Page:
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COVID-19 threatens the very survival of restaurants

May 3, 2021
By: NUSHRAT JAHAN

The restaurant industry is one of the industries worst hit by Covid-19 across the globe. According to Restaurant and Bar Association of Nepal (REBAN), there are 3,300 registered restaurants in the country. “The industry directly employs more than 60,000 people, the majority of whom have been rendered jobless by the lockdown,” says Araniko Rajbhandari, president of REBAN.

After lockdown of the COVID-19 pandemic, restaurant revenue has declined by more than 75% in some areas (Thamel). At first, this was largely due to the advice consumers were given to stay home and secondly due to declined in foreign customers (or even apparent unfounded bias against Chinese restaurants in particular), but now many states are enforcing dining room closures as shelter-in-place directives or orders are issued and enforced.

How is this affecting restaurants, and what are local restaurants owners doing about this large shift in how their business is operated?

While some restaurants have had to close altogether (temporarily or permanently), many are shifting their operations to delivery and takeout services, even if they’ve never done this type of businesses before. It’s a way to keep business running, keep their employees paid, and keep providing food for their local communities.

We were able to interview the owner of a local Shafqat Halal Food restaurant that has locations in Thamel to see how the business is handling the pandemic and what they expect from the future.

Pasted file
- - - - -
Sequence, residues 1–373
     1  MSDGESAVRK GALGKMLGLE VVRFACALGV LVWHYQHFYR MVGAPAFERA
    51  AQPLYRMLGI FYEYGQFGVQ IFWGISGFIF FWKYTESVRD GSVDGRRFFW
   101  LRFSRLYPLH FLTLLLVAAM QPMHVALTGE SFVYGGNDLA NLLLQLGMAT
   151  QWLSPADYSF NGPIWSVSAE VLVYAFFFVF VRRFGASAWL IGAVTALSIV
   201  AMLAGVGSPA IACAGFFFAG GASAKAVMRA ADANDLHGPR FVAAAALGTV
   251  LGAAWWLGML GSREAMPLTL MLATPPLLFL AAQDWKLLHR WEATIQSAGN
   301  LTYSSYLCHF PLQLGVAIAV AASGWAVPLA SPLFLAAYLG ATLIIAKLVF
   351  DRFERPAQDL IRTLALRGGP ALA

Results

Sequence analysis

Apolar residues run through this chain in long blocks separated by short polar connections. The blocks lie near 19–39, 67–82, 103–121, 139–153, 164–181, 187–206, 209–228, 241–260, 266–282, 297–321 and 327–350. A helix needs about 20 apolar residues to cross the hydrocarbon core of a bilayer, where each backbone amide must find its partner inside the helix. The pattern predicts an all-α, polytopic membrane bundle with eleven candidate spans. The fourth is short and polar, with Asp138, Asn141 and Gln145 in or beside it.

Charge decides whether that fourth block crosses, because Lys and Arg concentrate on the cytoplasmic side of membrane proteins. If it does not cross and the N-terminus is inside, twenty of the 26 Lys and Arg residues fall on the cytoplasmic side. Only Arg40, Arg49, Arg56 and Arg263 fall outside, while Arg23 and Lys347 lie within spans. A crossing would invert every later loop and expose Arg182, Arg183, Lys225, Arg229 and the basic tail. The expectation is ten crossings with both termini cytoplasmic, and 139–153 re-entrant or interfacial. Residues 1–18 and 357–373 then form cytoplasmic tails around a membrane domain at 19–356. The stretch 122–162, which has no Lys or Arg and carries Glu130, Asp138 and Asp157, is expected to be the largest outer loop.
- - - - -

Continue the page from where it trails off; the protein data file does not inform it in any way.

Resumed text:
How is COVID-19 impacting local restaurants?

While the impacts of COVID-19 on restaurants may seem obvious, the effects are different across the industry.  Restaurants that have never offered takeout services are seeing drastically different results compared to fast-food chains that have always had drive-thru service and have easily adapted to a fully delivery business model.

Shafqat  has seen a drastic shift as they’ve had to close their dining rooms to customers. According to Imtiyaz Wafa (Owner of Shafqat Halal), about 60-70 percent of their sales were declined. So shutting their doors definitely hit them hard.

Imtiyaz says that unfortunately they have had to let a couple of their high-school-aged employees go. “We wanted to make sure people that depended on an income were able to keep their jobs. And our main objective is to see what we can do to at least get a paycheck trickling in right now (for our employees).”

Many restaurants have seen similar experiences as their states go on lockdown and more people start ordering food to their doors.

A brief summary of national restaurant data during the COVID-19 crisis

Because there was such a fractured and delayed reaction to the corona virus across the country, the numbers really vary by state. But here are the big milestones of March, 2020 from a national level

March 15 showed the first sign of potential trouble ahead—restaurant revenue was down slightly on the 16th, 117th, 118th (-1% to -5%)—prior to that, revenue was had been consistently declined.

After 24 March fully locked down situation create big trouble for restaurant and employees.

The government on 15 June had changed the format of lockdown and restaurant started takeaway services.

As state and local officials continue to take drastic measures in an effort to contain spread of the novel coronavirus (COVID-19) continues to spread, local restaurants and bars have been hit especially hard.

Several states have already restricted restaurants and bars to operate as “takeout only,” and more states are likely to take similar measures very soon. Even without such measures, as more and more people begin to practice social distancing, there’s little question that local restaurants and bars are in for some tough times.